LGBT Activists Issue Death Threats To Children Of Oklahoma State Senator

For introducing a religious liberties bill for private business owners

Oklahoma State Senator Joseph Silk has stirred up a hornet's nest inside the LGBT community after introducing a bill (SB440) in his home state that would ensure business owners to retain the right to serve whomever they please. That is not sitting well for some in the homosexual community, who are now sending death threats to the state senator and his family.

In an interview with TruthRevolt, Silk said that since he was quoted in The New York Times Thursday saying homosexuals "don't have a right to be served in every single store," he has received hundreds of angry e-mails and phone calls from LGBT activists who believe he is sanctioning discrimination. "A couple of them have been death threats against me and my children," Silk said.

But what the NYT failed to do was include the entirety of Silk's statement -- the part where he said he also doesn't have a right to be served in every store. Silk clarified what he told the paper in a statement at his campaign website:

Yes I did say that homosexuals do not have the right to be served in every store, just as I do not believe that I, my family, or anyone else have the right to be served in every private business. 

The threats even targeted a private cabin rental business Silk manages for his father. Silk said that LGBT activists were alerted in order to flood the business with angry messages promising boycotts. But as Silk explained to TR, the business has served homosexual customers before and will continue to do so in the future. 

"This bill is about protecting the rights of private business owners to make their own decisions for their business and to ensure their religious beliefs are protected," Silk said. "Business owners should not be forced to serve someone if it violates their beliefs," he added.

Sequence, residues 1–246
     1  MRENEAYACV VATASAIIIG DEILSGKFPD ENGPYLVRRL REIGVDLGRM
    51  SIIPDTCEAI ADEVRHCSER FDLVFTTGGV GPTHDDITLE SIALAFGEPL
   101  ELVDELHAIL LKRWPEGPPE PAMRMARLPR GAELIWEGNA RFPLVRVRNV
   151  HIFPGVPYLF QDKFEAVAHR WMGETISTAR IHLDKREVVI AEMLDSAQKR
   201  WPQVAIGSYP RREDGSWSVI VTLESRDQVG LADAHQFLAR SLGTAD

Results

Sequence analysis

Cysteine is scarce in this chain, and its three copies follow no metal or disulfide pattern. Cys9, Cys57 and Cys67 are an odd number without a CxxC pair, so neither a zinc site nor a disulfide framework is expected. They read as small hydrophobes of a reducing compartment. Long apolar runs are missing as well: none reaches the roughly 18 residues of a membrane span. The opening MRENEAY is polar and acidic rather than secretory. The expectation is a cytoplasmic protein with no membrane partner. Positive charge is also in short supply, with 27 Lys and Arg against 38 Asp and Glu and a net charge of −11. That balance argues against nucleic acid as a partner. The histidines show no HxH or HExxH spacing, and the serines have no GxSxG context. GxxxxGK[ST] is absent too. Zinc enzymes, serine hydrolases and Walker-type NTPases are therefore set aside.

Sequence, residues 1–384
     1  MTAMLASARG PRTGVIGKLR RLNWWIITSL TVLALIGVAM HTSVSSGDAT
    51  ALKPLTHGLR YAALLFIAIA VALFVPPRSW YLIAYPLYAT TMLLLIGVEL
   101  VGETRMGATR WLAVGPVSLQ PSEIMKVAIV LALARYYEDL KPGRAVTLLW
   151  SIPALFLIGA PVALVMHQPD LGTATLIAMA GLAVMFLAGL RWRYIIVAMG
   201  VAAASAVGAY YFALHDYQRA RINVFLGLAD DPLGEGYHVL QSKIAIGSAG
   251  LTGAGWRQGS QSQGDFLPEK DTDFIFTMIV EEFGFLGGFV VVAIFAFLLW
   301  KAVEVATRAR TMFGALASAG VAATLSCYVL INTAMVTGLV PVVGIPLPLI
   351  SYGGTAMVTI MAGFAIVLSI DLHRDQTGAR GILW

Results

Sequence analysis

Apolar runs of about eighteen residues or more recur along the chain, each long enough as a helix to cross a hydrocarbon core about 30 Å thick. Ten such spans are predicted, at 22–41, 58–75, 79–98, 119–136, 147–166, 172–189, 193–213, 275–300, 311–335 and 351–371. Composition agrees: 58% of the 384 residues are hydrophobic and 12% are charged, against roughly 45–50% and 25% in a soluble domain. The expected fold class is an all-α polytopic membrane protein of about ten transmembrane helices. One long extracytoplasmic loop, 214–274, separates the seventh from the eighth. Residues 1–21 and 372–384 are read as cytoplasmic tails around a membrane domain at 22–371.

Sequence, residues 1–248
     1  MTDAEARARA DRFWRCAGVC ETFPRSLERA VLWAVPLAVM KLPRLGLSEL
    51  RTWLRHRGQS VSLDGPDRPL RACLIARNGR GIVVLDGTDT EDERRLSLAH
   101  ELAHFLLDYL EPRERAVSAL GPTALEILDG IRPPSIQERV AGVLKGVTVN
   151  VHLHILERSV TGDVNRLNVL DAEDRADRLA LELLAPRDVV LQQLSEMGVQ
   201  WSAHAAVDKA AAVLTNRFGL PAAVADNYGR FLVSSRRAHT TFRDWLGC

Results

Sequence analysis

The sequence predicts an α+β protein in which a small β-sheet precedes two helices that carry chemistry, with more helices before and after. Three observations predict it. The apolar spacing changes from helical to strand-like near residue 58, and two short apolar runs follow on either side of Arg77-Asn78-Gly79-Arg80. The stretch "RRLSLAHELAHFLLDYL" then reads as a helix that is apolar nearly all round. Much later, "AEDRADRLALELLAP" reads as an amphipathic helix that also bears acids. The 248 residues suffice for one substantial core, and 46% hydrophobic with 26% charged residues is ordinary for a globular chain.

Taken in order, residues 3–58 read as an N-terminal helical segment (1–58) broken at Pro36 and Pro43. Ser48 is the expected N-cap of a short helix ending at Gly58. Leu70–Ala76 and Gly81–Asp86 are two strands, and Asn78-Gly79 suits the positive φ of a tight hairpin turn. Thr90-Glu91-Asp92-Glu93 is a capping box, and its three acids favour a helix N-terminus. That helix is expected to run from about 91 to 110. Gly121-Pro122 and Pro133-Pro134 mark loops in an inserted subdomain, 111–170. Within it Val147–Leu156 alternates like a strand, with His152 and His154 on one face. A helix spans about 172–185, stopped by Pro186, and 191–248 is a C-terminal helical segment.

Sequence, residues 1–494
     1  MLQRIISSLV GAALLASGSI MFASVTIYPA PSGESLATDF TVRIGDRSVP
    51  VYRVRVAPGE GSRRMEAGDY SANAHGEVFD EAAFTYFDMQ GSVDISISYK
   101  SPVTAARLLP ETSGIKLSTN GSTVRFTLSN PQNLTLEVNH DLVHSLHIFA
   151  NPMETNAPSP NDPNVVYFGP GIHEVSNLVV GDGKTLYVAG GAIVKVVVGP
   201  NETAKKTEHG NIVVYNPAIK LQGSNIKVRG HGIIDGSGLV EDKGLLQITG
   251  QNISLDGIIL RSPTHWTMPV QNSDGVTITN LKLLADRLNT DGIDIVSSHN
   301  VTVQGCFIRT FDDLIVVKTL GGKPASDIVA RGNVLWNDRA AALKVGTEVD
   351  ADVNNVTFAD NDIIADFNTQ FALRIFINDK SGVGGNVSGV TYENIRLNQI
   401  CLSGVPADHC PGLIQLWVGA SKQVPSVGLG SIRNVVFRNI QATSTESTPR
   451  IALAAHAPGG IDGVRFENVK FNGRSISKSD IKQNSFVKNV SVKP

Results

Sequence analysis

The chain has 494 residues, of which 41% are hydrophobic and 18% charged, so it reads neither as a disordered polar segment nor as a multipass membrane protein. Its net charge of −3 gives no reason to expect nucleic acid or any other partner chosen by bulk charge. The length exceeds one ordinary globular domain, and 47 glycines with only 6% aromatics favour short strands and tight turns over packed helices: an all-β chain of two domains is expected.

Silk indicated that SB 440 is not unique and is based on a similar religious liberties law in nearby Kansas. So far, he said, the bill has yet to be heard in committee and has been dead for weeks. Silk explained that he went as far as reaching out to the executive director of the LGBT group Freedom Oklahoma and invited him into the office while the bill was being written as a show of transparency. 

"I had Troy Stevenson to my office to try and let him know this bill was not an attack on the LGBT movement, but rather to protect people's individual religious liberties and right to live that out," Silk said.

Silk said Stevenson expressed his problem with the bill saying that a private business owner does not have the right to refuse services because of religious convictions and the meeting ended. Silk strongly suspects that Stevenson was responsible for leaking the cabin business information shortly after they met in order to encourage activists to send harassing messages. Silk said he is "very certain" it was Stevenson because "he has family ties to that community in our same industry [and] that is the only way people could know that."

The backlash unleashed on Silk and his family is largely based on the missing half of his statement, courtesy of the narrative designed by the NYT. But what the media is failing to  report -- they're too busy mocking -- is the violent threats and vitriolic language employed by LGBT activists. Silk made it clear in the interview that as a person with homosexual friends, he isn't painting his accusations broadly, but pinpointing those radical activists who will stop at nothing short of shutting down anyone who disagrees with homosexuality.

"This incident and the way it exploded into death threats should wake people up to the fact that the LGBT activist are the single most significant threat to religious and personal rights in the United States," Silk said. "They do not want people to have the right to live out their religious conviction if those convictions do not agree with their behavior."

He continued:

The LGBT activists have shown time and time again that they want to persecute, trample on people's rights, and take people's businesses if for any reason their behavior and choices are not agreed with. My family and I, like many others before, are testimonies to their hate, intolerance, and forceful nature of this movement. The sad thing is, no one is attacking their behavior. They have the right to be gay…but if you disagree with them, they will do everything in their power to ruin your life.